The 2-10 New York Giants have been nothing short of a disappointment during the 2017-18 season thus far. It has been a year plagued by injuries, attitude questions and coaching blunders, which the Giants franchise is not accustomed to.
The issues really began—although their 0-4 record at the time suggests otherwise—in the fourth quarter of week five against the Los Angeles Chargers. With four minutes left in the game and a two-point lead, Eli Manning threw a ball to star receiver Odell Beckham Jr. The throw was high as Beckham came across the middle on a slant route and upon landing, visibly twisted his ankle.
Beckham was carted off the field, and the post-game injury report stated that he had broken his ankle and would be out for the season.
The Giants seemed to respond well as they defeated the Denver Broncos in a statement win the following week. The slide that followed, however, showed that that was not actually the case.
As the season dragged on for the Giants, fans and analysts seemed to point their fingers in every direction. Both sides of the ball were ranking among the last in the league, analysts commented on distinct attitude changes when they lost leads and the coaching staff seemed to be scattered and disorganized.
In the days preceding last week’s game against the Oakland Raiders, however, all the fingers seemed to be pointing in the same direction—toward head coach Ben McAdoo.
Prior to the Sunday Dec. 3 game, McAdoo announced that he decided to bench two-time Super Bowl MVP and probable future Hall of Famer quarterback Eli Manning for backup quarterback Geno Smith.
Until Sunday, Manning ranked second in league history for consecutive starts by a quarterback at 210 games. Manning sat only behind legend quarterback Brett Favre, who started 297 games in a row.
When the news broke about McAdoo’s decision, the outrage was not confined to just Giants fans. Several players and coaches chimed in, including Chargers quarterback and Manning’s draft classmate Philip Rivers.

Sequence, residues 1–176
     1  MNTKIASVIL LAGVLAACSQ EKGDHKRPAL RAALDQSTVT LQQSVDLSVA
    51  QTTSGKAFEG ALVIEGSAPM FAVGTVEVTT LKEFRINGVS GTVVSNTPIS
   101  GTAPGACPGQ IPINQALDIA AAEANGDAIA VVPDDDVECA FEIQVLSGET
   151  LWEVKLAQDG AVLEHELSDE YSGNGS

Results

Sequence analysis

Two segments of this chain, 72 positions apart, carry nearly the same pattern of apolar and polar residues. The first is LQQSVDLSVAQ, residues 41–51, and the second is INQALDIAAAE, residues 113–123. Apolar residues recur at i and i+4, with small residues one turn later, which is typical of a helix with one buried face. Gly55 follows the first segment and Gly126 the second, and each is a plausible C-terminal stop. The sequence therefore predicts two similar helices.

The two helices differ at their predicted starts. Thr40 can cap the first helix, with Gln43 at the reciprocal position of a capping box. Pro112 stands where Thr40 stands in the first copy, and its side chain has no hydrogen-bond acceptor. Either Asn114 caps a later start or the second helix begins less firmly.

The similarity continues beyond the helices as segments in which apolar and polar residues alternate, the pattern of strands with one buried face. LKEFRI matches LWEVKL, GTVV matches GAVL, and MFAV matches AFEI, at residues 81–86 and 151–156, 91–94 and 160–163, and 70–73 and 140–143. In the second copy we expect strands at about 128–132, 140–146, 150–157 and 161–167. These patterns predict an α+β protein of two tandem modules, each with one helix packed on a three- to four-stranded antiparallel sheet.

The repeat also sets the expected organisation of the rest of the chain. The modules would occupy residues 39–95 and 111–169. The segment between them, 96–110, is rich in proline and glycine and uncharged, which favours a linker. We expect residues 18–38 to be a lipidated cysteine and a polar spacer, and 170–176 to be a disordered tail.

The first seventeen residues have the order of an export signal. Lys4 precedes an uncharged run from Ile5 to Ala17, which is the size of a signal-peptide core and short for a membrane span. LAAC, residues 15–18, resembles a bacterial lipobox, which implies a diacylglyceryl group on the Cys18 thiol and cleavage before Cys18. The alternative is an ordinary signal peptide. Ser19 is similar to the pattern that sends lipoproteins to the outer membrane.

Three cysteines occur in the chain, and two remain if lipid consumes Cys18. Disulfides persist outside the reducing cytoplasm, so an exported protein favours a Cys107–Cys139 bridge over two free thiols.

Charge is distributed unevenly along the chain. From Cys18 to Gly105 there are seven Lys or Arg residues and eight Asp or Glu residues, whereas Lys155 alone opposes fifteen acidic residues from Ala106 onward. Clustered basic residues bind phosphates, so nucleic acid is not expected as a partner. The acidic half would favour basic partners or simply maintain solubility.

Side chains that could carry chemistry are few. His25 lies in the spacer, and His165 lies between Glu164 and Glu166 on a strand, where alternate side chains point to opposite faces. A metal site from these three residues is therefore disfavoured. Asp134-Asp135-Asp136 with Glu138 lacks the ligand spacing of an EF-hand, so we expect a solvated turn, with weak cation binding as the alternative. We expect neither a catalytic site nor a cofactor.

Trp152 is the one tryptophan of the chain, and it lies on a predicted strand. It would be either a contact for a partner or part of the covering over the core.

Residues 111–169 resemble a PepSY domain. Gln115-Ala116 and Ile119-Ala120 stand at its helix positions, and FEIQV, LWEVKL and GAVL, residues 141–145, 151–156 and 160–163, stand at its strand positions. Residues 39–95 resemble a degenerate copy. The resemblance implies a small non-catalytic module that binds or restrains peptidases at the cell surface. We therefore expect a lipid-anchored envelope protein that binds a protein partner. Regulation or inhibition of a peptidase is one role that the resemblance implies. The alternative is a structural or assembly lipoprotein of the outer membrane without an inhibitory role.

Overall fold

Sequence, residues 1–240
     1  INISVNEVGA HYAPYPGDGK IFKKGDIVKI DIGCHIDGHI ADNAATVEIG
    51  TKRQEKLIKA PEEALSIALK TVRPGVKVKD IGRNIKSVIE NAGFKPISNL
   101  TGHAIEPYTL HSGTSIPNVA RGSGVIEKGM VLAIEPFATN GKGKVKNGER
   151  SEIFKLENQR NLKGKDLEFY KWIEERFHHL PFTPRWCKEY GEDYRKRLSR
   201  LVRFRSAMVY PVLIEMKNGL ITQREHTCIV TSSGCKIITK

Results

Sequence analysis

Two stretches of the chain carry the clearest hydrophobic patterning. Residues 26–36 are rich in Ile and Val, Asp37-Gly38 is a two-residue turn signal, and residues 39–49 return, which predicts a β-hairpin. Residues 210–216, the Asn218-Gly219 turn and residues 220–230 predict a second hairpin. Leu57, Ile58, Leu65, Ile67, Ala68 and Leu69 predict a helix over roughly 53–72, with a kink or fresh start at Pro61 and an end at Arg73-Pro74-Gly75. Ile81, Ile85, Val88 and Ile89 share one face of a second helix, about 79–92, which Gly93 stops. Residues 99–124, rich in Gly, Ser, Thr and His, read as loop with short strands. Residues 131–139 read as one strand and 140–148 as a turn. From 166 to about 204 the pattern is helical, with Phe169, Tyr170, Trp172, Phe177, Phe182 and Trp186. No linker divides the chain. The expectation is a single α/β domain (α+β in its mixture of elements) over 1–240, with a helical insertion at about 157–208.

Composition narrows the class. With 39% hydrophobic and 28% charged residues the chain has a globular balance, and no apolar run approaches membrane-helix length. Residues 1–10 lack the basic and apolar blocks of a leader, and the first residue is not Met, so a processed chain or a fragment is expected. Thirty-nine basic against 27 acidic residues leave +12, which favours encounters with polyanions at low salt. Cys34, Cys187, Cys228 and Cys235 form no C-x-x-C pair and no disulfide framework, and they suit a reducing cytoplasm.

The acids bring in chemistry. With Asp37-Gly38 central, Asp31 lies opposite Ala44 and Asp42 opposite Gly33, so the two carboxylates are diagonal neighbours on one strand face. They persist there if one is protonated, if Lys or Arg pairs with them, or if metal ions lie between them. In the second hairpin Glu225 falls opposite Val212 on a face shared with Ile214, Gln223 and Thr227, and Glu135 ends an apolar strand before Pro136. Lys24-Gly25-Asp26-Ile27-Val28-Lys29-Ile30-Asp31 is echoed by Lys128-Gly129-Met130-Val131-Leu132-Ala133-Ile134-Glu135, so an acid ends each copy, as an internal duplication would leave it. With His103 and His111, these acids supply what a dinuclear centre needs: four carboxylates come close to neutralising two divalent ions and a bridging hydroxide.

“I honestly thought it was pathetic,” Rivers told ESPN on Nov. 29. “He’s been out there 210 straight games—with no telling how many bumps and bruises and injuries—for his team. He won two Super Bowl MVPs. And with the respect he’s had in the locker room over the years, and really the respect he’s gained throughout the league, you feel like the guy has earned the opportunity—if they are, in fact, deciding to go another direction— he’s earned the opportunity to finish it off these last five weeks.”
There had been speculations that Manning and the Giants would part ways following this season. Manning said that the coaching staff offered to let him start last weekends game, taking one snap to continue his streak. He told reporters that he declined the offer, holding back tears, saying it “wouldn’t feel right.”
On Monday Dec. 4, following their 10th loss of the season at the hands of the Oakland Raiders, the Giants announced that they had fired McAdoo, along with general manager Jerry Reese. The front office saw these firings as a part of something bigger and made an out-of-character play by moving on from the two men before the end of the season.
“We agreed that wholesale changes to this organization needed to be made to get us back to the team we expect it to be,” Giants co-owner John Mara said. “We also agreed it was pointless to wait any longer to make these changes.”
The story for the Giants now becomes one of rebuilding. It is very difficult to win in today’s National Football League when a coach’s system has to be thrown out the window. This season seems to be lost for the Giants, as the end of their schedule proves to be one of the most difficult in the league. The best thing for the Giants, now, is to set their sights on next season.u